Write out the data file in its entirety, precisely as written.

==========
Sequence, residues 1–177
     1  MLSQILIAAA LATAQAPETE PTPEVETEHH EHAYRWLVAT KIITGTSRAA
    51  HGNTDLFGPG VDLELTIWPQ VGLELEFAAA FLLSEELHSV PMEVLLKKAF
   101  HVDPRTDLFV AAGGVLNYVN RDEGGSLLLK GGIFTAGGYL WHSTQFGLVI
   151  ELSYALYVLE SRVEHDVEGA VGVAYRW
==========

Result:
Sequence, residues 1–177
     1  MLSQILIAAA LATAQAPETE PTPEVETEHH EHAYRWLVAT KIITGTSRAA
    51  HGNTDLFGPG VDLELTIWPQ VGLELEFAAA FLLSEELHSV PMEVLLKKAF
   101  HVDPRTDLFV AAGGVLNYVN RDEGGSLLLK GGIFTAGGYL WHSTQFGLVI
   151  ELSYALYVLE SRVEHDVEGA VGVAYRW